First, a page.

Seven printed editions of Christian Research’s Religious Trends were published between 1997 and 2008, under the editorship of Peter Brierley. They appeared as a companion to the UK Christian Handbook, which had developed incrementally since 1973, predating the formation of Christian Research itself. Both series have rightly established themselves as a major resource for UK religious statistics.
Unsurprisingly, Christian Research has now decided that the pace of technological change, and user expectation, is such that the time has come to move Religious Trends into an online environment. It has just launched a prototype web version, edited by Michael Hudson, and with other contributions by Graham Sharp and Ian Wyllie (who also developed the website). This online version will be found at: http://www.christian-research.org/religious-trends.html
The aims and scope of the electronic publication are defined by Benita Hewitt, Christian Research’s Director, thus: ‘Our vision is to bring together facts and figures from many sources, and to paint an accurate picture of the state of religion, especially Christianity, both in the United Kingdom and throughout the world. We offer interpretation, analysis and comment in the articles on this website. If you need more detailed research or access to our source material, some of the articles in Religious Trends offer a gateway to spreadsheets or links to follow for more information.’
Access to the online Religious Trends is free to members of Christian Research, who pay an annual subscription to join the organization. There are varying levels of membership, including individual membership at £30 per annum. Besides Religious Trends, there are sundry other membership benefits, among them a regular printed magazine (Quadrant) and an email Research Brief.
Information about membership of Christian Research will be found at: http://www.christian-research.org/membership-info.html. Alternatively, you can contact: firstname.lastname@example.org.
The online Religious Trends currently has the following main sections:
- The world and its religions (including global overviews, profiles of China, the United States and Europe, and a feature on martyrdom and persecution)
- UK church overview (including a summary of recent trends in churchgoing, restating the question posed by Christian Research since September about ‘The end of decline?’)
- Anglican UK (including attendance, clergy, parochial finance, and other key statistics)
- Other UK churches (Roman Catholic, Orthodox, Presbyterian, Methodist, Baptist, Pentecostal, Independent, New, and smaller denominations)
- The Bible (including a digest of the results from a poll of 1,013 adults in England and Wales in July 2010)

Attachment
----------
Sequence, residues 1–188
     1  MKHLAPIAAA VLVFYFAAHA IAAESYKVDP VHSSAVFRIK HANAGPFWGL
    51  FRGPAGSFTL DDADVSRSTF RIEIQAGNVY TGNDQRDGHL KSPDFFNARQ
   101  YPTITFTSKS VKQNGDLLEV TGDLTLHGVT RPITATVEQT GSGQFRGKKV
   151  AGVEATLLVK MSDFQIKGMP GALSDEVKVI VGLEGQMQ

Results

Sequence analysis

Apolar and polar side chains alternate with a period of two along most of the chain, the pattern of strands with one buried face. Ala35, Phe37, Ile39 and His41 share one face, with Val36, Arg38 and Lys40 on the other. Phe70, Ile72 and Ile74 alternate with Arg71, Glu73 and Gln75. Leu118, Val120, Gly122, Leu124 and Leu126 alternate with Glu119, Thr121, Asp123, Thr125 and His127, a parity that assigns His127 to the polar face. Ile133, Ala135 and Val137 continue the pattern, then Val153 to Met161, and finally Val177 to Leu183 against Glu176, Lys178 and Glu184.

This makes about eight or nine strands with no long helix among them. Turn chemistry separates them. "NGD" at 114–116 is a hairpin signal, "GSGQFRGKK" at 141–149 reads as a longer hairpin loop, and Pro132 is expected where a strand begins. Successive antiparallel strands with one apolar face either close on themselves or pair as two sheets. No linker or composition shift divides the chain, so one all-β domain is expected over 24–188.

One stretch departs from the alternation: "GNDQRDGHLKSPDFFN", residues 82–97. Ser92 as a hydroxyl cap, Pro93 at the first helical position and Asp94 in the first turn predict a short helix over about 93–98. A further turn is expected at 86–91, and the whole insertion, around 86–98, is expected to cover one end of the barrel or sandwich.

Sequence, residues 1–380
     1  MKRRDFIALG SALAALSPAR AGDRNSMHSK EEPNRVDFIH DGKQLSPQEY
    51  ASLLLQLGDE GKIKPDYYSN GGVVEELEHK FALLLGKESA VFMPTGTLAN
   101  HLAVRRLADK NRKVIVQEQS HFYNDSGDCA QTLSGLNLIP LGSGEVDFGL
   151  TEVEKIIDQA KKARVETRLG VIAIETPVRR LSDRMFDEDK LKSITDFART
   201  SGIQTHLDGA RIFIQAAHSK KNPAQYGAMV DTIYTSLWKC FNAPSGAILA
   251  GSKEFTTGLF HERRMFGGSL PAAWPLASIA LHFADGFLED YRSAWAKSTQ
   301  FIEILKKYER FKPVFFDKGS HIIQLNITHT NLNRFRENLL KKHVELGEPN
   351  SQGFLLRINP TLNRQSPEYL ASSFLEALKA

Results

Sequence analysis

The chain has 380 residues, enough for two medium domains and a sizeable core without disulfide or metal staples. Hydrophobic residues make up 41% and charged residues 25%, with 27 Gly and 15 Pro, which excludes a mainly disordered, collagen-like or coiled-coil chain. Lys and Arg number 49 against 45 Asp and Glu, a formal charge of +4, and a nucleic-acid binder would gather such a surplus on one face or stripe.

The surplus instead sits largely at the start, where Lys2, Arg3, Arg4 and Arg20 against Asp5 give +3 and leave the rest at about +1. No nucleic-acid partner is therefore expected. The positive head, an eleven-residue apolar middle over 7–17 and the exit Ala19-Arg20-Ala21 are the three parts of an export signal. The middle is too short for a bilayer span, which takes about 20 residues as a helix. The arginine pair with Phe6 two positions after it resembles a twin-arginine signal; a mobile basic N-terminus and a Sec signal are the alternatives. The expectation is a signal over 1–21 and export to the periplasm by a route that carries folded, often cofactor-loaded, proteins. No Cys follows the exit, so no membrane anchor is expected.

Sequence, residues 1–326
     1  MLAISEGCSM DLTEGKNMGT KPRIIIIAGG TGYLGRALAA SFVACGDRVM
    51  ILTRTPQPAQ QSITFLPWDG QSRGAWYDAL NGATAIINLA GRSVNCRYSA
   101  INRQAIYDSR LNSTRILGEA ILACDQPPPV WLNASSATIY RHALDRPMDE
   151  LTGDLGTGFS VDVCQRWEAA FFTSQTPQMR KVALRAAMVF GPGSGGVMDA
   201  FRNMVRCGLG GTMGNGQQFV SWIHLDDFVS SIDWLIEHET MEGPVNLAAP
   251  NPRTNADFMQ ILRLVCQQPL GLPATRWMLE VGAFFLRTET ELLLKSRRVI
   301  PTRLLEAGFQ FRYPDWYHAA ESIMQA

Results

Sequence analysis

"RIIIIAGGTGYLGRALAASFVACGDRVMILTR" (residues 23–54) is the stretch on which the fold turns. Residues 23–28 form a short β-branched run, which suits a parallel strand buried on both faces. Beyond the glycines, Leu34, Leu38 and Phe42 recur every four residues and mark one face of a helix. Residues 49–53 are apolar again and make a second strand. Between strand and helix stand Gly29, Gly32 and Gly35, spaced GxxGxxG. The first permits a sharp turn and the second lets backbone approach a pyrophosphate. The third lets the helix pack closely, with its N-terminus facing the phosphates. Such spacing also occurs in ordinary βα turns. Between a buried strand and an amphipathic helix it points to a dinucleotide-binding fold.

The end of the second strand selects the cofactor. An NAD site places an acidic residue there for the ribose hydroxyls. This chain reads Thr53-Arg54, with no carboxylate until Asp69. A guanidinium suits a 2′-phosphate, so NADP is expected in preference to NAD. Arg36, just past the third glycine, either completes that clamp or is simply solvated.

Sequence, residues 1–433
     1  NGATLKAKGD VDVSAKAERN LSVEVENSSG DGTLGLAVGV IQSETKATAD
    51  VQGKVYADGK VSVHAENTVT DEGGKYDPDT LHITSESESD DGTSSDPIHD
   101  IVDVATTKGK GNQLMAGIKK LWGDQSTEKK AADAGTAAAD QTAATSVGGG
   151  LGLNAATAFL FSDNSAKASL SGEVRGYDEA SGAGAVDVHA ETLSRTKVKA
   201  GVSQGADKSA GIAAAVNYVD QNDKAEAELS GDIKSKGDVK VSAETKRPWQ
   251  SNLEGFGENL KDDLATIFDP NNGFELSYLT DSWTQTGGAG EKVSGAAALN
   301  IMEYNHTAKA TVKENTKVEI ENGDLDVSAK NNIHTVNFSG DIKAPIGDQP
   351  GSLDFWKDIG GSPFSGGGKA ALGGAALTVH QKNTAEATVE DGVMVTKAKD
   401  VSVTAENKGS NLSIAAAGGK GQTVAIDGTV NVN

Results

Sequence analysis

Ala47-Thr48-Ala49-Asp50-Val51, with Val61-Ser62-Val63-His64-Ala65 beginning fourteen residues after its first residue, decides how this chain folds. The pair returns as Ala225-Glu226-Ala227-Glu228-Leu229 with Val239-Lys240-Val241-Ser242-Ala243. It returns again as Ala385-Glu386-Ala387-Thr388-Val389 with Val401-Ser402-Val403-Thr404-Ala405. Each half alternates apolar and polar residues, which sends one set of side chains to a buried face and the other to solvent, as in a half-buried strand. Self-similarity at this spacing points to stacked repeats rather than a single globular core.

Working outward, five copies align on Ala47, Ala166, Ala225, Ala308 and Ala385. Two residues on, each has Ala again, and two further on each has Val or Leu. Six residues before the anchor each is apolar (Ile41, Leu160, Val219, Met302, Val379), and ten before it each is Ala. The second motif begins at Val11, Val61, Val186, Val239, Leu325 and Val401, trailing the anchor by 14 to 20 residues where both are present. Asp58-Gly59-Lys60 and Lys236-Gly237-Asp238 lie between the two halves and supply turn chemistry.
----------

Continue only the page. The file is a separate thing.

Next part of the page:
- Faith Journeys (a major and ongoing project of Christian Research)
- UK population (including births and deaths, abortions, breaks by age, gender, ethnicity and region, and international comparisons)
- Household statistics (including adoption, household size, and children by family type)
- Marriages (including ages and attitudes to marriage)
- Web resources (including international religious research, other UK religious research, UK social research sources, and highest ranking religious blogs)
- Quadrant archive (at present, just the issues for 2009 and 2010)
- Other research reports (currently only one, on Mapping Migration)
Just like the BRIN website, the online version of Religious Trends naturally represents work in progress, and not all its sections are yet fully populated, nor are all the features (such as data downloads) operable. Text and charts, rather than tables of raw data, predominate at present. But the site-search function is already working.
Christian Research is positively inviting user feedback and suggestions on the Religious Trends website, which it will use to shape new features and updates (a major annual revision is promised, to incorporate each year’s membership, attendance and other data from individual denominations). So, it will be well worth subscribers bookmarking the site and making regular visits to check out what is new.
Understandably, the emphasis is deliberately on the contemporary scene (largely post-2000), so the printed series of Religious Trends and UK Christian Handbook will continue to have value for more ‘historical’ statistics.
However, there is a consequential caveat and risk arising from this. As the online Religious Trends publication is updated, Christian Research will need to ensure that superseded content is properly archived in some way, and not simply overwritten as is the case with so many websites, thereby consigning invaluable research data and commentary to a digital black hole.
All of us here at BRIN wish the Christian Research team every success as they evolve and grow Religious Trends in the years to come.
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